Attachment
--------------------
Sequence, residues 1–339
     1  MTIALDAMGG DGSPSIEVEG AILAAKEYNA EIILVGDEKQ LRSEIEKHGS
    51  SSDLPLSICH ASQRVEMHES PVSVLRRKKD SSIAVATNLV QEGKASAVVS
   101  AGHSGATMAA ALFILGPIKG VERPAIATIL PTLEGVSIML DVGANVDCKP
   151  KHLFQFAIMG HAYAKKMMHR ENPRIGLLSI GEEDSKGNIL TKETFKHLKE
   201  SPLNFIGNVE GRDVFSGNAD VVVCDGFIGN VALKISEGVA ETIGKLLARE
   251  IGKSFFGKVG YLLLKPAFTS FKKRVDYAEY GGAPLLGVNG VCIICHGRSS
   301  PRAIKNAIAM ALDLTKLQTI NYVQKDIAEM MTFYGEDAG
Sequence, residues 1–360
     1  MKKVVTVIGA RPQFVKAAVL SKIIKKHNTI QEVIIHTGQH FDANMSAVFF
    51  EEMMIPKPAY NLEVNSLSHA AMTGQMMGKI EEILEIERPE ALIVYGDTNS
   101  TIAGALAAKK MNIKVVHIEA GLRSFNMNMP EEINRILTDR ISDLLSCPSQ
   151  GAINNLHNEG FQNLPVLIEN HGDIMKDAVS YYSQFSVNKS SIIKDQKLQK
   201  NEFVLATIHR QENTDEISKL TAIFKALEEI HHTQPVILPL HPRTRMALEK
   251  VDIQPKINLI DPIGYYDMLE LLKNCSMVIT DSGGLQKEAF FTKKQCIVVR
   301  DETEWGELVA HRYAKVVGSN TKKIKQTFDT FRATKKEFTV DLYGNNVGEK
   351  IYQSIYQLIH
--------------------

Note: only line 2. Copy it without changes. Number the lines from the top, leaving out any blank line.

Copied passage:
     1  MTIALDAMGG DGSPSIEVEG AILAAKEYNA EIILVGDEKQ LRSEIEKHGS